So what is CBT …. ?
Our lives are affected by our genes and our accumulated experiences. These learned and unlearned influences exert a strong pull on how we think, feel and act, but they’re not immutable. We can in fact change how we think and act in the world, and thereby change how we feel. Change may be hard, we may need to unlearn long established patterns, but it’s certainly possible.
Our emotions are significantly affected by our thinking. If we view all dogs as threats, we’ll experience fear in the presence of any particular dog. If we see dogs as loving friends, we’ll feel affection and joy in the company of that dog. The dog in question is or is not safe to be with – that’s just a fact. The difference in emotion is a function of the difference in perception, a matter of thinking not fact, which explains why two people can have entirely different emotional responses to the same dog.
Our actions also have an impact on our emotions. If we avoid all dogs in all circumstances, we can be sure of safety. But we can also be sure of remaining fearful of all dogs; there will be no way of learning from experience which dogs are factually safe and which factually unsafe. In fact, we will most likely become more scared by avoiding all dogs – we’re likely to attribute our safety to our avoidance (a factually inaccurate conclusion), rather than to the (factually accurate) reality that the vast majority of dogs are harmless. If instead of avoiding, we go carefully towards dogs, we would gain experience from which to assess which are safe and which unsafe, and would learn by practical experience how to ensure that even in the presence of unsafe dogs we can remain unharmed. We learn how to assess facts accurately from experience, from how we act in the world. Our actions affect our thinking, our thinking affects our actions, and both affect our feelings.
In the same way that we can become emotionally disturbed by how we think and what we do (or don’t do), we can use our thinking and our actions to reverse our emotional disturbances. If we want to feel differently, we can change our thinking (“Cognition”), learning to think more accurately, and we can change what we do or don’t do (“Behaviour”). This is the essence of Cognitive Behavioural Therapy. CBT teaches us how to think about our thinking, how to see ourselves and the world more accurately and helpfully, and how to change how we feel by changing what we do.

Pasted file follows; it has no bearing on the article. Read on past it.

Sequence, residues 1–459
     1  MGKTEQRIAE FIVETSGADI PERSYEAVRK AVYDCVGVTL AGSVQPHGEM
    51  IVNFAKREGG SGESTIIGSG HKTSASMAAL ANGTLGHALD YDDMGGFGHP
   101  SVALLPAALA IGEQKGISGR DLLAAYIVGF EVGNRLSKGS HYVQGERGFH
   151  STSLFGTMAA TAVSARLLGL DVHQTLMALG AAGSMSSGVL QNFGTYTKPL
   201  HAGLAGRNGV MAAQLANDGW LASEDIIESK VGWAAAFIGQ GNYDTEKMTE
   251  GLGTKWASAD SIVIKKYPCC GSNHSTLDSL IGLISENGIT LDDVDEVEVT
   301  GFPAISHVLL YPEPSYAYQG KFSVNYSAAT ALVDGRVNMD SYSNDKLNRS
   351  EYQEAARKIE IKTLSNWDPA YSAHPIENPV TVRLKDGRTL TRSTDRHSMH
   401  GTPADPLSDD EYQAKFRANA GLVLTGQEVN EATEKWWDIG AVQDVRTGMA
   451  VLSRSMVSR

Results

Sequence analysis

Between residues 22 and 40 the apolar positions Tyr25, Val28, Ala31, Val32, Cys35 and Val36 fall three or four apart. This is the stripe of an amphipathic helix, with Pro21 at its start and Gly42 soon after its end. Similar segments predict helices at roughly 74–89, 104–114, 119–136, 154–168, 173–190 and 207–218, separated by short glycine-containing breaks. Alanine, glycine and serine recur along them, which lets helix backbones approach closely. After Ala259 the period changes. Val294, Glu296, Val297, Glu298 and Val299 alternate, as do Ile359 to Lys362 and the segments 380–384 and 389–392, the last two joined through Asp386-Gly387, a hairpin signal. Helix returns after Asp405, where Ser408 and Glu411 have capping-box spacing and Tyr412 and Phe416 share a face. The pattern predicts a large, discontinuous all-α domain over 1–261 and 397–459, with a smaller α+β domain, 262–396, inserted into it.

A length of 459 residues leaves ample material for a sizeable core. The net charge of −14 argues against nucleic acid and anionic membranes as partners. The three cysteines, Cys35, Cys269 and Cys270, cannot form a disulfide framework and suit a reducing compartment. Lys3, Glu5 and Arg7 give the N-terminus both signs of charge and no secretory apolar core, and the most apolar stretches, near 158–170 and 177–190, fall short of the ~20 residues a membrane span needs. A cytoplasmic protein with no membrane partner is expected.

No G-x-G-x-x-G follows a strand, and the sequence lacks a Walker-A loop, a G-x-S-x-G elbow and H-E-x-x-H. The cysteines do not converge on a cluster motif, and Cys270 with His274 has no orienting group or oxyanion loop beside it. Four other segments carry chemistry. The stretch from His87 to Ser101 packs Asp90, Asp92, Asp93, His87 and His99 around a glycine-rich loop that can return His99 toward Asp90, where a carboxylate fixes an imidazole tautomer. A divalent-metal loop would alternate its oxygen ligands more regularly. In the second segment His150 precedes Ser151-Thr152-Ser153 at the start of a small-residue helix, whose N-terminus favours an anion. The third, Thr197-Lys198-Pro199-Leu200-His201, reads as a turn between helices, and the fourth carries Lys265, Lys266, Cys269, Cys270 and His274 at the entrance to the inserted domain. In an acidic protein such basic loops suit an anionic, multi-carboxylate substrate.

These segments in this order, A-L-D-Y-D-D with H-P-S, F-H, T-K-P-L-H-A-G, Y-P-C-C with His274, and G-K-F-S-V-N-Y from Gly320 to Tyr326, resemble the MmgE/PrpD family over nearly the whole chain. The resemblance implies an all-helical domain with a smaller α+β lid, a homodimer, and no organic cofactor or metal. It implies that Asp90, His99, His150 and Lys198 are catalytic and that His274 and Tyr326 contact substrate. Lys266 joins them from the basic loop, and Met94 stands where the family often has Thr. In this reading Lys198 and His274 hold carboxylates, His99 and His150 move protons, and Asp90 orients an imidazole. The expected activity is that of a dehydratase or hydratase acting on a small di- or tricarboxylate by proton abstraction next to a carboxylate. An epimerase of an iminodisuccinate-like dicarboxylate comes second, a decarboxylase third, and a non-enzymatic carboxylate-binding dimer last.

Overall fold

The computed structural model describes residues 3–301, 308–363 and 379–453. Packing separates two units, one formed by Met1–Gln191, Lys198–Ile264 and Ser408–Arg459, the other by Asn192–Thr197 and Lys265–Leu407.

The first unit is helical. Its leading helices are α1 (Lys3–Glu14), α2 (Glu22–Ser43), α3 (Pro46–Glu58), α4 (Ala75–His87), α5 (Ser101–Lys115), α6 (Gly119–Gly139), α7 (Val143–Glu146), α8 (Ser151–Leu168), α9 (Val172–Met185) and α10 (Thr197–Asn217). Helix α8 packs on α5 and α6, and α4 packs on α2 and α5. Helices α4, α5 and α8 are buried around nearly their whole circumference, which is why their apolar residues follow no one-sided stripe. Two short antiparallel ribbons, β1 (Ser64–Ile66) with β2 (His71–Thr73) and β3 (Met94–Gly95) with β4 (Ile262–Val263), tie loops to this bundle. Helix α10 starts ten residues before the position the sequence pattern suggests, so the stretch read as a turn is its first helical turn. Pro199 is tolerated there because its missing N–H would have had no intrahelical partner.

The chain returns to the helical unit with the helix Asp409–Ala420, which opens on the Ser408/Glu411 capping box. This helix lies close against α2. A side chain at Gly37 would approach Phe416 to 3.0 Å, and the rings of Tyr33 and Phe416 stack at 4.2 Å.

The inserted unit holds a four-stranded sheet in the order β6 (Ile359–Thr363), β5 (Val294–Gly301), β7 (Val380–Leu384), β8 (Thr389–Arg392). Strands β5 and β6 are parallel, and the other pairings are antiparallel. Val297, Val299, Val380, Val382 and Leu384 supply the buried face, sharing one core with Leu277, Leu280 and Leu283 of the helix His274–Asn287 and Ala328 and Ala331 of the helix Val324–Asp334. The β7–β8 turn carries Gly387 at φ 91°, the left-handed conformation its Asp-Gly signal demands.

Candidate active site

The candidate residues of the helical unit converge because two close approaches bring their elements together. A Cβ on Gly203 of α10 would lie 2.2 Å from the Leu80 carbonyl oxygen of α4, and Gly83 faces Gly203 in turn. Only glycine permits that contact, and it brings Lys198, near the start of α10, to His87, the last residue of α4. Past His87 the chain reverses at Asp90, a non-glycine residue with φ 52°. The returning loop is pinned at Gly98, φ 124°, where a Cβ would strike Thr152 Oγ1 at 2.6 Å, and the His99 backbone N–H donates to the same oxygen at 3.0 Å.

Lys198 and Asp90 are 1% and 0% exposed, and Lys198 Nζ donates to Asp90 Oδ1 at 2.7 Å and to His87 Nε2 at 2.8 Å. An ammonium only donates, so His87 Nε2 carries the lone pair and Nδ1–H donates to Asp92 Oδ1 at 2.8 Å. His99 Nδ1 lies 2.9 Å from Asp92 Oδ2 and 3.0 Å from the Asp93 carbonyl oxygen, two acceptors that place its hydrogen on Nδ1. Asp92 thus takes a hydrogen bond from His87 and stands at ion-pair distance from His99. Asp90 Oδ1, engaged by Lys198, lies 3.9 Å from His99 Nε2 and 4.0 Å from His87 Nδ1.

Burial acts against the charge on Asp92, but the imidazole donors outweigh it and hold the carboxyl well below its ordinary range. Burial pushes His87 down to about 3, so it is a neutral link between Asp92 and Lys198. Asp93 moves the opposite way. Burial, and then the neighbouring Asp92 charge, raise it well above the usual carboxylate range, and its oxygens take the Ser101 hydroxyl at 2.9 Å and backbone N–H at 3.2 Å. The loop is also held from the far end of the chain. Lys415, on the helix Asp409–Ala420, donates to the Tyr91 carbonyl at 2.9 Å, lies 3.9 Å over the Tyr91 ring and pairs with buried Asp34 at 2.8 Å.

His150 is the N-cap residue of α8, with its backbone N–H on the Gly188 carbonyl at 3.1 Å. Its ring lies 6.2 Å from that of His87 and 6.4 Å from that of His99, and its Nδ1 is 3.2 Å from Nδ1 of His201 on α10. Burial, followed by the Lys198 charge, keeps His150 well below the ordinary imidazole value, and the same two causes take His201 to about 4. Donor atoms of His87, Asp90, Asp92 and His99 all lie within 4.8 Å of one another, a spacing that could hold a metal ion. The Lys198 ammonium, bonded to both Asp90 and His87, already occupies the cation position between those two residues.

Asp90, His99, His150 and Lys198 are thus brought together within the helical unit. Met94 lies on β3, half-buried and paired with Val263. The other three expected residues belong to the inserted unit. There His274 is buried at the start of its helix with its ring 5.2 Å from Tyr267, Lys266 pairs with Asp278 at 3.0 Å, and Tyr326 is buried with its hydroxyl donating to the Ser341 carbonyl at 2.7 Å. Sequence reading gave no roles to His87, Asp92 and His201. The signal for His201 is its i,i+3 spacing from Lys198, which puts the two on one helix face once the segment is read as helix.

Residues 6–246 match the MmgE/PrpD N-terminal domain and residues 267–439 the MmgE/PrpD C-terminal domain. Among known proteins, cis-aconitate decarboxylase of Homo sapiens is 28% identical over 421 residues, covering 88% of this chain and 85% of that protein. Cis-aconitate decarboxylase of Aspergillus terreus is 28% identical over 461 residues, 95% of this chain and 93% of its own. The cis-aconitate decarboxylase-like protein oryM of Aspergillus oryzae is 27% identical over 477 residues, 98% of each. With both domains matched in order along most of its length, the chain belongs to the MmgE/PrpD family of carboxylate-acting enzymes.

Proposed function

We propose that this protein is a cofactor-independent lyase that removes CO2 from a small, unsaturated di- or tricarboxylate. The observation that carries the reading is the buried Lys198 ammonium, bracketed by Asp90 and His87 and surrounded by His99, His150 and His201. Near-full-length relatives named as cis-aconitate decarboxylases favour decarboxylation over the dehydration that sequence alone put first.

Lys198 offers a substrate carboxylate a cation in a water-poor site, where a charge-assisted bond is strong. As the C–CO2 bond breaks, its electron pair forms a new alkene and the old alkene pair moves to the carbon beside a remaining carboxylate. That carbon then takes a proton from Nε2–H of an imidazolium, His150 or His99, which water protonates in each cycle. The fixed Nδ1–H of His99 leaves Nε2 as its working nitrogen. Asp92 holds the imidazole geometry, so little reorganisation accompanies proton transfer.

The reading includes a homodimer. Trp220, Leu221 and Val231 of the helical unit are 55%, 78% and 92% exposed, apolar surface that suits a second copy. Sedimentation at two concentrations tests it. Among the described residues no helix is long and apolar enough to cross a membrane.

Here and now, the present, is the only life we have. The past has gone and the future doesn’t yet exist. The only changes we can make are to the only life we have, the life that is here and now. The present is therefore the primary focus of CBT. Of course, it wouldn’t be sensible to ignore the past. We may need to look into our past in order to understand our present, how we have learnt to think and behave in ways that maybe were once sensible and helpful, but may not be helping us now. Whilst we can’t change the past, we can change how we think about it and how we understand it, so that we respond to the present world as accurately and helpfully as possible.
CBT has evolved over recent decades through research science. Some of its ideas are not so new. It turns out that the hard 21st century science confirms some elements of Buddhist teaching. The ancient Greek philosopher Epictetus was onto the link between our thoughts and our emotions 2,500 years ago: “[People] are disturbed not by things, but by their interpretation of things.”). What’s historically new is the research science and experimental evidence which are at the heart of CBT practice. CBT therapy is entirely evidence-based, meaning that its principles are built on scientific method, research and fact, not on bare untested or untestable hypothesis, theory, or philosophy. CBT techniques are supported by decades of randomised controlled trials, the gold standard of clinical efficacy, showing their effectiveness across a very wide range of psychological and emotional difficulties.
Whilst science and evidence are the DNA of CBT, other features also distinguish it as a psychological therapy:
CBT places a strong emphasis on “psychoeducation” – teaching clients how to become their own CBT therapists. There is no mystique to CBT, no mysterious wisdom that the therapist alone can access and which must remain for ever opaque to the client. The CBT therapist aims to teach the skills and provide the tools that will make the therapist redundant, enabling the client to become her own therapist.
Unlike many forms of therapy which are open-ended and may last for several years, CBT is typically time-limited. Whilst the duration of therapy is dependent on each client and the challenges they bring to therapy, CBT treatment will commonly involve weekly sessions over 12 to 20 weeks.
CBT is practical. It provides pragmatic and effective tools for responding to real-world challenges, such as “how can I regulate my emotions so they don’t overwhelm me”, “how can I manage my anxiety”, “how can I stop worrying”, “how can I climb out of depression, and avoid falling back into it”, “how can I stop my panic attacks”, “how can I get on a plane”, “how can I stop bingeing/gambling/drinking”, “why does this keep happening to me and how can I stop it”.
Oh, and by the way … it can be fun.